It’s hard to rank films for so many reasons. First and foremost, the true value of a film lies solely with the viewer — what did you take away from it? The only metric that truly counts in our book is how a film affects someone.
That’s the mindset we had going into the 2019 Tribeca Film Festival. There were hundreds of great films by great filmmakers debuting and we only had the chance to see a small percentage of them. So, instead of going for "best" or "worst", we're going for impact. This article is an effort to shed some light on notable films that struck us at the festival — not an end-all, be-all film review.
What we did see was a diverse, compelling lineup of films from some of the most promising filmmakers out there. We saw a killer feature-length from a 19-year-old, a documentary that brokes the rules of documentaries, and a whole lot more.
Our biggest takeaway, though, is that the indie scene is strong — and also being a “first-time filmmaker” does not speak to the quality of films we screened. There were incredible films by first-timers that sat right next to iconic directors in terms of quality.
Just being able to speak with others in the industry about exciting new films and filmmakers is an encouraging moment. But, in our opinion, there were five films that stood out as exciting indicators for the future of the craft — and, in no particular order, here they are.
Phillip Youmans’ directorial debut is strong for anyone at any age, even more so a 19-year-old. In fact, he took home top honors at the festival with Best Narrative Feature, with this stunning and darkly poignant portrait of a family, addiction, and conviction. He definitely took notes from Terrance Malick, drawing in poetic prose and intertwining it with slice-of-life narrative storytelling.The film tackles the dark subject matter with deft ability, showing off a creative maturity far beyond Youman’s years. It’s a good film, but it shows just a small hint of this young filmmaker’s true potential.
Director: Phillip Youmans
Producers: Wendell Pierce, Mose Mayer, Ojo Akinlana, Karen Kaia Livers, Cassandra Youmans, Phillip Youmans
Screenwriter: Phillip Youmans
Cinematographer: Phillip Youmans
Editors: Phillip Youmans, Ruby Kline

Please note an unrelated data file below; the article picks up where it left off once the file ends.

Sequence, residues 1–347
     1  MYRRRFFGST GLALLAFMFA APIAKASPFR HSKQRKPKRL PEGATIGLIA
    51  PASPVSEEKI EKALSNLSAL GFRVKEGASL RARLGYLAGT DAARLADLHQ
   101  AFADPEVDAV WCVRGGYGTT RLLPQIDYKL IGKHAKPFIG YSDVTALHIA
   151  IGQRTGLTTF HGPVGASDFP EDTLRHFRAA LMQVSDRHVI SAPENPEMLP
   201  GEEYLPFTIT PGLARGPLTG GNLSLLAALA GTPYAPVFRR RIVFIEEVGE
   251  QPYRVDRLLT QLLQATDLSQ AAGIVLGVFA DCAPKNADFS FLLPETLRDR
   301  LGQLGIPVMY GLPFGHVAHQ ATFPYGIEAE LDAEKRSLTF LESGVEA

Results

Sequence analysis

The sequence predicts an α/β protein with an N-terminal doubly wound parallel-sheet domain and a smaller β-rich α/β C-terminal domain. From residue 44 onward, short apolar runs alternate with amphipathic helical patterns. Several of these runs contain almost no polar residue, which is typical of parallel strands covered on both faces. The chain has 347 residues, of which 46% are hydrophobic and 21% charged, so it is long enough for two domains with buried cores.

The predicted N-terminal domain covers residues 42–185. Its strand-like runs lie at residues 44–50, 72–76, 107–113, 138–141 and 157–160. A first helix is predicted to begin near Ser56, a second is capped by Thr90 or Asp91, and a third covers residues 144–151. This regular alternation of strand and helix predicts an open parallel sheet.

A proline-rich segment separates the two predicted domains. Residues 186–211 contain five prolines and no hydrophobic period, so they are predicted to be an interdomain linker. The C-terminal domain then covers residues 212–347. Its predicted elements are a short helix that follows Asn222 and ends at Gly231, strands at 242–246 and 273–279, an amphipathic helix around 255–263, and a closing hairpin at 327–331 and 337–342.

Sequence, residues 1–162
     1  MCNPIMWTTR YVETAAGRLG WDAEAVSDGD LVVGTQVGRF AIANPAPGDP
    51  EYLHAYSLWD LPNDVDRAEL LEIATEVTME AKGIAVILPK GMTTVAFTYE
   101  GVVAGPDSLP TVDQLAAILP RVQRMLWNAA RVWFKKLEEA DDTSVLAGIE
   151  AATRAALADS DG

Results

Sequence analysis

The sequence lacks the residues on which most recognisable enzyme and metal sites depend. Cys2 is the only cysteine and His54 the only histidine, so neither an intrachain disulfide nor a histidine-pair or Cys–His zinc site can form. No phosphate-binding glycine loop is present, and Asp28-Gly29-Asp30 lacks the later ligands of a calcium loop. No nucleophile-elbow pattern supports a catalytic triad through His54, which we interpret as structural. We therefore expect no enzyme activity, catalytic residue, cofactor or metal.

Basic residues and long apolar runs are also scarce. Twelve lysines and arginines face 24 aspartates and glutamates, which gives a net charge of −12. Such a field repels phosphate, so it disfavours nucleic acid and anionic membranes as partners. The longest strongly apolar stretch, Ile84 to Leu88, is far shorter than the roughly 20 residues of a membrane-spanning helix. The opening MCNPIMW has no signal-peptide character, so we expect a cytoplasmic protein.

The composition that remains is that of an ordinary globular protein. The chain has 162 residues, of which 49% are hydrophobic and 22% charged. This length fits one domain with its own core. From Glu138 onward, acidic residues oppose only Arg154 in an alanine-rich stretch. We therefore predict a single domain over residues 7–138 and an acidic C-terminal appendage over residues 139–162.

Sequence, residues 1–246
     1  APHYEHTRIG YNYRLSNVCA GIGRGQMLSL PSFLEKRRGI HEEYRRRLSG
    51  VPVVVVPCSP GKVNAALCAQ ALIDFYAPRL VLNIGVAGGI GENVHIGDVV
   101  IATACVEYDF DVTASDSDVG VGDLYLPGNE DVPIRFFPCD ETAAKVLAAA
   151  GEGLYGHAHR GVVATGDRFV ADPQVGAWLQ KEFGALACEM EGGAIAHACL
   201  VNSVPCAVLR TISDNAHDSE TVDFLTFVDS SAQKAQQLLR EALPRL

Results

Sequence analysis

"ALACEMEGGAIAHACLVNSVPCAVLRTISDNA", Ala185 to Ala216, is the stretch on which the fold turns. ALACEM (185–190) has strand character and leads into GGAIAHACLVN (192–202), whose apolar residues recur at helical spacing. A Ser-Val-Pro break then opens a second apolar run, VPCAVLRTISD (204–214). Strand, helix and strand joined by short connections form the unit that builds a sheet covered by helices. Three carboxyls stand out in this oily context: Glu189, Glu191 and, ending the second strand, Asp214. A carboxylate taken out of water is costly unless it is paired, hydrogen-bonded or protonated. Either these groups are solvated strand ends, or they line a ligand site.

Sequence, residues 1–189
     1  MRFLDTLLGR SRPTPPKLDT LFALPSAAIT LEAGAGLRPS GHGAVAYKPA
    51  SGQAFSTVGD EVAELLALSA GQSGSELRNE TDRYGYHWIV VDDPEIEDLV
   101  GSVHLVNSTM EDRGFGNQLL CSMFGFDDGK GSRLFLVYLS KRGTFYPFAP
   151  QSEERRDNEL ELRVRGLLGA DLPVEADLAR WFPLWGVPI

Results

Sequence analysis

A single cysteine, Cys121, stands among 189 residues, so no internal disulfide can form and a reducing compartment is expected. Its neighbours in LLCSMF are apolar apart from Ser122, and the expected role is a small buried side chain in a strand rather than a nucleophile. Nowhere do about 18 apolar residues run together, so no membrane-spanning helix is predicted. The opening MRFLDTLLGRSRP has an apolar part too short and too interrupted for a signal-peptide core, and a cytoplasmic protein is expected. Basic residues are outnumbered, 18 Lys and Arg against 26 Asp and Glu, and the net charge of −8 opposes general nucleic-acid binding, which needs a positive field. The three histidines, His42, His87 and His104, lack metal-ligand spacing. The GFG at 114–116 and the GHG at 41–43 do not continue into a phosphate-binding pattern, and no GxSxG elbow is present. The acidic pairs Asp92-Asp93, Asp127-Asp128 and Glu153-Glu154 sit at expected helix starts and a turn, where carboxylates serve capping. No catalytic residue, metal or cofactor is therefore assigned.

Executive Producer: Benh Zeitlin
Co-Producers: Isaac Webb, Jakob Johnson
Cast: Wendell Pierce, Karen Kaia Livers, Dominique McClellan, Braelyn Kelly
Quite possibly the most straight-forward film that we screened, DIRECTV and A24’s Low Tide is proof that storytelling formulas haven’t lost their edge if used correctly. Continuing the renaissance of ‘80s coming-of-age storytelling, the film follows a group of boys on the New Jersey coast who spend their summers looting homes and dreaming of being anywhere else than the New Jersey coast. While many of the storytelling cues come straight from the tried-and-true Hollywood playbook, first-time director Kevin McMullin executes them to near perfection with a strong cast and quick pacing, proving that those classic storytelling formulas are classic for a reason.
Director: Kevin McMullin
Producers: Brendan McHugh, Kevin Rowe, Richard Peete, Rian Cahill, Brian Kavanaugh-Jones
Screenwriter: Kevin McMullin
Cinematographer: Andrew Ellmaker
Editor: Ed Yonaitis
Composers: Brooke Blair, Will Blair
Executive Producers: Dan Fisher, David Garrett, Phil Hunt, Compton Ross
Cast: Keean Johnson, Jaeden Martel, Alex Neustaedter, Daniel Zolghadri, Kristine Froseth, Shea Whigham
We screened a few great documentaries in New York, including the straight-forward, yet fascinating Making Waves: The Art of Cinematic Sound and the curious and beautiful Nomad: In the Footsteps of Bruce Chatwin from Werner Herzog. But, the film that stuck with us the most was Framing John DeLorean from directors Don Argott and Sheena Joyce. First, Delorean’s story is amazing and one of those “you couldn’t make this stuff up” narratives. But, the directors’ choice to intertwine archival footage, modern-day interviews, and dramatic re-enactments from Alec Baldwin as Delorean and a supporting cast was the key here. Most surprisingly, hearing Baldwin’s process for getting into the mind of DeLorean was a interesting way to learn more about the real man’s motivations. It’s a fascinating, funny, sad, and innovative documentary.